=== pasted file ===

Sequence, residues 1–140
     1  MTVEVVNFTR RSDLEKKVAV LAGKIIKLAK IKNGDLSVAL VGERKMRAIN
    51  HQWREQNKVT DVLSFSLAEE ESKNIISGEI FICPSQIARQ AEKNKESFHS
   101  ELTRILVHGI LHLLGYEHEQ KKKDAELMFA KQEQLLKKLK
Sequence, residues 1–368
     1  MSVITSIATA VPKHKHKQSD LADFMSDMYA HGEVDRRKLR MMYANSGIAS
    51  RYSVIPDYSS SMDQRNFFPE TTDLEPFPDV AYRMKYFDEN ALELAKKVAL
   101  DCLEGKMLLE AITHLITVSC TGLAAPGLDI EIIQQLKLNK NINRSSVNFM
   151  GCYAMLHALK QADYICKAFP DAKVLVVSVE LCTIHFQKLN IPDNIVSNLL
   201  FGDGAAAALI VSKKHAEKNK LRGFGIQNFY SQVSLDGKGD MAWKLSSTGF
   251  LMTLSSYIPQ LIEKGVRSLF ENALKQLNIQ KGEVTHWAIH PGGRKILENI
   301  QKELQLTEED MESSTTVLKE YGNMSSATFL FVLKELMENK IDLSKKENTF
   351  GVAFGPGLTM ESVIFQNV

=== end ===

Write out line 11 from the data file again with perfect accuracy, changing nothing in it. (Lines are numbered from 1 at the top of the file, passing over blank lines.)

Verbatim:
   251  LMTLSSYIPQ LIEKGVRSLF ENALKQLNIQ KGEVTHWAIH PGGRKILENI